CJK Ideograph Variation or "Where's Wally in CJK"

Katy MawhoodKaty Mawhood Posts: 114
edited August 2016 in Technique and Theory
An author has requested three CJK glyph variations, but I cannot find them in the IVD charts. Is there anywhere I can look to find these, before I create them as alternates? The glyph shape is critical to the text (see below). Thanks :)

The archaic writing of the names of the trigrams are generally the same or in phonetically or graphical related versions of those found in hexagram texts. A few examples include, Qian 乾 is written <Glyph 1>;… Zhen 震 is written as <Glyph 2>. Two regional variants that also appear in the Wangjiatai Guicang include Li 離is written as Luo 羅, Kan 坎 is written as <Glyph 3> (read as Lao 勞).[1] So as not to confuse readers, the trigrams in this study are referred to by their traditional names.

Glyph 1, Qian 乾 ‎4E7E

Glyph 2, Zhen 震 ‎9707

Glyph 3, Kan 坎 ‎574E



  • Belleve InvisBelleve Invis Posts: 157
    edited August 2016
    The [𠦝𠂉] is a variant of 倝. Kangxi Zidian:
    [] comes from 殷周金文集成引得, a book about early Chinese characters.
    I cannot find any source of <glyph 2>, searching 辰 and 口 from CHISE IDS Find does not return this character. Searching variants of 震 on glyphwiki returns the same no-result.
  • Thank you! I just did a lot of learning. :)

    Glyph 1 – u501d? So this is a close match – but, a new glyph would need to be created as a variation? Do I understand that correctly?

    Glyph 2, I found 唇 from chars-to-containers.txt, then ebag_s030-104 on glyph wiki. The ttf download encodes it to U+3013, geta mark. Is that ok, or would you have a different recommendation?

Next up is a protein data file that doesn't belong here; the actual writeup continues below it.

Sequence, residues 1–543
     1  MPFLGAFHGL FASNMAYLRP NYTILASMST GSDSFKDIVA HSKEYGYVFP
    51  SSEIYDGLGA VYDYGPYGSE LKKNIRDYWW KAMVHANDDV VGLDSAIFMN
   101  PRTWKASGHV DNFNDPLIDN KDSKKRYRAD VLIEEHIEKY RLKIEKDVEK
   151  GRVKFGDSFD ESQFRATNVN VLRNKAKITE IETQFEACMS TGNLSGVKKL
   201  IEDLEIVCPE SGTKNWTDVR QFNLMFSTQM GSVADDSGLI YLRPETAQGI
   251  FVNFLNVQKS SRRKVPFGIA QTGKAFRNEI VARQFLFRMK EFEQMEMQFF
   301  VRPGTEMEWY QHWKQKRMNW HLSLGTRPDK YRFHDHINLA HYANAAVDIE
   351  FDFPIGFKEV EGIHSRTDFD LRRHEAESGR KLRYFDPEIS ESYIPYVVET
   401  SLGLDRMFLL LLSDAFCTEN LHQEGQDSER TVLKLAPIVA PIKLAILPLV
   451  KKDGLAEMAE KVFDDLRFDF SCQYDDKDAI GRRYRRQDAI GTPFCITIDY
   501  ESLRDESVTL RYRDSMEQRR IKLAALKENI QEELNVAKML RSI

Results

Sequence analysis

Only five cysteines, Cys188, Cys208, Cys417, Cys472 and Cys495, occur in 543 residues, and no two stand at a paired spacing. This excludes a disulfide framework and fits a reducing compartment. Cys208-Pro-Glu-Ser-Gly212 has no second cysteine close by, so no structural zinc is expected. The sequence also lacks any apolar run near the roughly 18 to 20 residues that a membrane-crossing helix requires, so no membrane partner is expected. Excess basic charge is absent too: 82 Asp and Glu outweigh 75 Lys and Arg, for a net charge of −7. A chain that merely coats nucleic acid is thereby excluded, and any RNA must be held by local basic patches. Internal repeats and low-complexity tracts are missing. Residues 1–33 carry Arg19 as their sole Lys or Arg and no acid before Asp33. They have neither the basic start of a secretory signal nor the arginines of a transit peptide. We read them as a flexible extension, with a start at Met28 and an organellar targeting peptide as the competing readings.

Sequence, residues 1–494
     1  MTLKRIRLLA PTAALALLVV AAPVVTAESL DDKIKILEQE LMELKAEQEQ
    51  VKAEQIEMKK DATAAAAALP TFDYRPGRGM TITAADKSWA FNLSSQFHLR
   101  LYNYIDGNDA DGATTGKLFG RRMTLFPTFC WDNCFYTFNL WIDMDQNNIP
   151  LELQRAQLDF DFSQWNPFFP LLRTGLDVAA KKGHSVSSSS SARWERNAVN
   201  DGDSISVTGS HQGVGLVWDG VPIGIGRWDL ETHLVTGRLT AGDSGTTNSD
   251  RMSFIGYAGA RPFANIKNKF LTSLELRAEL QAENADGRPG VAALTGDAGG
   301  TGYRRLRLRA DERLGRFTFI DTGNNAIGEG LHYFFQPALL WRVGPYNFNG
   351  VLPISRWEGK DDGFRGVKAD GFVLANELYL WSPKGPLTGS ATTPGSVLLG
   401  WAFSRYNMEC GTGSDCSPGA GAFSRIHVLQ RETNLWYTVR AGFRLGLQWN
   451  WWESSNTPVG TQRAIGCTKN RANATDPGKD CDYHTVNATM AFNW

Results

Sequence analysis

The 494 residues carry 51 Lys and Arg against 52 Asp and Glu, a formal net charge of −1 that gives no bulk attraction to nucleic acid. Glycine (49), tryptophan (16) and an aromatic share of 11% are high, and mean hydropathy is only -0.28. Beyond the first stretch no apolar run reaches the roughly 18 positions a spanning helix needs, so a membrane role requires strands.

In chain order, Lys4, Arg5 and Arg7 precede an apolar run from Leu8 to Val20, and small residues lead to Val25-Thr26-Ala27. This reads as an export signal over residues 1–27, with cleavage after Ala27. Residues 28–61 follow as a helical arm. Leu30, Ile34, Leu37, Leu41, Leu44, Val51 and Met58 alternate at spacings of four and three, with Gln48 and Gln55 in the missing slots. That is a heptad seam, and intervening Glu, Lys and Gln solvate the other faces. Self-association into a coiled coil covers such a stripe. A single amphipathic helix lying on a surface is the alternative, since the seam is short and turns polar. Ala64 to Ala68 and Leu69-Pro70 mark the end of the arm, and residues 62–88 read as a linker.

Glyph 3 – u2c541? 
    ⱔThis seems to be almost perfect.

  • The fundamental issue here is that you seek modern type for characters transcribed more than 2,000 years ago from a text already centuries old.  In that period, variant forms were common, and occur even between snippets of the same text "duplicated" among the Wangjiatai bamboo strips.  CJK Extension B included some archaic forms when it added 43,000 chars. to Unicode's second plane, blowing through the limit of double-byte encoding.  Ext B fonts have been widely available for a decade, but as you noted in another thread they may not show reliably on the WWW.  CJK Extensions C, D, and E are nowhere near B in size, but they seem to include a higher percentage archaic chars. in modern form.  Unfortunately, very few fonts include them.  A project involving excavated texts from before the Han dynasty is almost certain to require custom chars.: Unicode isn't going to catch up with what we already have anytime soon, fonts lag, and new discoveries will continue.

    If your project is print only, then obviously the issues of encoding and pre-defined variations are irrelevant: you might as well encode your 3 glyphs as A, B, and C.  Electronic publishing complicates the choices.   U+3013 could serve as a short-hand for a single missing char., but each additional one would require its own font: it would be safer to code them in a single font up in the main Private Use Area (still within the first plane).  One of the advantages of publishing in PDF format is that it allows fonts to be embedded, guaranteeing availability.  However, depending on your other fonts there may already be a bunch of stuff up there; if any of those share your PUA codes confusion can ensue should clumsy processing zap some of the PDF's internal (I’ve seen files where adding sticky notes with OSX Preview caused problems).